There is nothing worse than being the actual professional in a business and being told what to do by someone who doesn’t have our level of training and doesn’t know the nuances of the job. We should be in charge of how our weekly schedule works, how long we spend with each patient, and how much time off we have.
One hospital employed physician told me he put in a request for his last week of vacation only to be told he didn’t have any vacation time left. They counted a CME event they forced him to attend, in order to learn how to run a new machine they just purchased, as part of his allotted time off for the year. He didn’t see it that way. But guess who the boss is?
The level of training we have combined with the hours we work should mean we are in charge of the amount of time off we get. When an employed physician takes time off, the owner of the practice is not making any money. Therefore, the owner doesn’t want their employed physician to take any time off.
I have also talked with physicians who work for healthcare entities like Kaiser. They complain about only having 10 minutes to see every patient and not being in control of their scheduling. There is no way for them to lengthen the time to 15 minutes or to schedule catch up periods with no patients. If they see fewer patients, their handler is making less money. Don’t give others this power over your schedule. If you want to take Thursday afternoon off to be a youth soccer coach, you should be making the decision.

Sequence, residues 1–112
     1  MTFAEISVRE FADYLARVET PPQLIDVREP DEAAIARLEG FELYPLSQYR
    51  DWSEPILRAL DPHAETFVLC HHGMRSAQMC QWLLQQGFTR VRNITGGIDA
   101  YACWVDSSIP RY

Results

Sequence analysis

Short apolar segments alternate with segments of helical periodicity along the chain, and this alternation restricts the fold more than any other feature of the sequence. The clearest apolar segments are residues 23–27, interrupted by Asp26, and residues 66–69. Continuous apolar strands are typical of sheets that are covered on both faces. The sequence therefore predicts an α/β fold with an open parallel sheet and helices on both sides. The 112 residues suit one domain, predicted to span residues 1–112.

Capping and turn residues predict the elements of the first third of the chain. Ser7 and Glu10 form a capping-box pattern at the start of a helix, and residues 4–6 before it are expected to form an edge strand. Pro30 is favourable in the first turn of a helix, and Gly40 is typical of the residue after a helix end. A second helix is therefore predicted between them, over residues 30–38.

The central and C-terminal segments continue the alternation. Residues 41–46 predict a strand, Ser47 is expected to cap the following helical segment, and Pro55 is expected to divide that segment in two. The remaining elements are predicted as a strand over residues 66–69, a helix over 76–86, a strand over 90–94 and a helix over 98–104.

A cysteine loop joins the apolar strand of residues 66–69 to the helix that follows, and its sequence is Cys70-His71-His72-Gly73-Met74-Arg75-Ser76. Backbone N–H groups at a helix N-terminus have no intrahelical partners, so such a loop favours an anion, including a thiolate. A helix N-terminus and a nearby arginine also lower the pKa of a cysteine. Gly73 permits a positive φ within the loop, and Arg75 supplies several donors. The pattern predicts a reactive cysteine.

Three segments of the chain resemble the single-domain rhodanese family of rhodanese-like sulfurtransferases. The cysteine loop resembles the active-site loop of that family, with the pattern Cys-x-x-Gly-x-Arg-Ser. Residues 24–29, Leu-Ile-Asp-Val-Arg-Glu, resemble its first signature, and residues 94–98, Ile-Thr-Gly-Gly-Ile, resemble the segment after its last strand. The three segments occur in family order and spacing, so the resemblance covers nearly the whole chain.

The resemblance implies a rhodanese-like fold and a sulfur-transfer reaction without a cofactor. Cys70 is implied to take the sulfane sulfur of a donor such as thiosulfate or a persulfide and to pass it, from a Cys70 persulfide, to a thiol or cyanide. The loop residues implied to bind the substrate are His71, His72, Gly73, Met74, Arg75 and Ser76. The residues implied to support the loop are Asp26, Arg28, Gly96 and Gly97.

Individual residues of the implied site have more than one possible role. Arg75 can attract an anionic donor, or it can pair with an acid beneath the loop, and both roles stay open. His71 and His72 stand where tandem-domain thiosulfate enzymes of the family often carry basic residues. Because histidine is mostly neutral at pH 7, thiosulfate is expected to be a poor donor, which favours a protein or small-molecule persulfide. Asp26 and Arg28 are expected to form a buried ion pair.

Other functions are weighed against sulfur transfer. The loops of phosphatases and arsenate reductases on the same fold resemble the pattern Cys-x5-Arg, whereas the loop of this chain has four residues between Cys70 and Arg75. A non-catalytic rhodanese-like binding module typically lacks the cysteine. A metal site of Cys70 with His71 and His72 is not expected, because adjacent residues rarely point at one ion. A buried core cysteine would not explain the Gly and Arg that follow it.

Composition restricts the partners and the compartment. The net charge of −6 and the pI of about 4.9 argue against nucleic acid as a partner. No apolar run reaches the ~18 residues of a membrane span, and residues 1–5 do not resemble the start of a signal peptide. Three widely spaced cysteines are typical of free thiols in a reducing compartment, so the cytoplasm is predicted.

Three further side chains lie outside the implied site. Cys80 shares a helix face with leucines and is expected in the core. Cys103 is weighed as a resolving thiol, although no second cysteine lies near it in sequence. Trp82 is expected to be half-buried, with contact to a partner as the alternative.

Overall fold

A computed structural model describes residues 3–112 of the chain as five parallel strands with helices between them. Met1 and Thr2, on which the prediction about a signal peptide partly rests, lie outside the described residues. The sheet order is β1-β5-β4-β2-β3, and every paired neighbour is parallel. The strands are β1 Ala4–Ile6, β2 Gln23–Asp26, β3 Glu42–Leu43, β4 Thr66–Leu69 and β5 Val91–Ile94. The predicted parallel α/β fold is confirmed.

3: We have something to sell when we retire.
Physicians used to count on selling their practice when they retired to boost their retirement income. Not anymore. If someone else owns the practice, we have nothing to sell. Someone else owns the accounts receivable, which will continue to come in even after we stop practicing. None of that accounts receivable will go to the employed physician. When the employment stops, so does the income.
4: We retain the tax benefits of ownership.
Employment income (W2) has the highest tax rate of all income sources. Employees do not get tax write offs. The write offs go to the business owners. So not only is the physician’s employer earning money off the work the physician performs, they also get all the tax breaks.
We need to retain the ownership of our efforts so we can have those tax breaks.
5: We choose better retirement plans.
Employees get whatever retirement plan their boss sets up. The boss not only decides on the retirement plan, they set the parameters and decide if they will do an employee match.
If we own our own business, we can establish the retirement plan that best suits us. As an employee, I might be limited to a $19,500 contribution to my 401(k). But if I own the business I can set up the retirement plan to deposit more than $50,000 in contributions each year to my account. Putting 2.5 times more money in my retirement plan each year generates a big tax write off and a huge difference in my eventual retirement plan balance.
6: We control our destiny.
As a partner in a medical practice, we have control of how we want our career to play out, unlike employees who leave it up to someone else. We should decide where our office is located, who our nurse or other employees will be, who will be sharing call with us, how much call we take, which electronic medical records system we will use, how much vacation we want, when we should retire, whether or not to add ultrasound or some other ancillary service to the practice, which DRGs we will see or not see, and what hours our office will be open.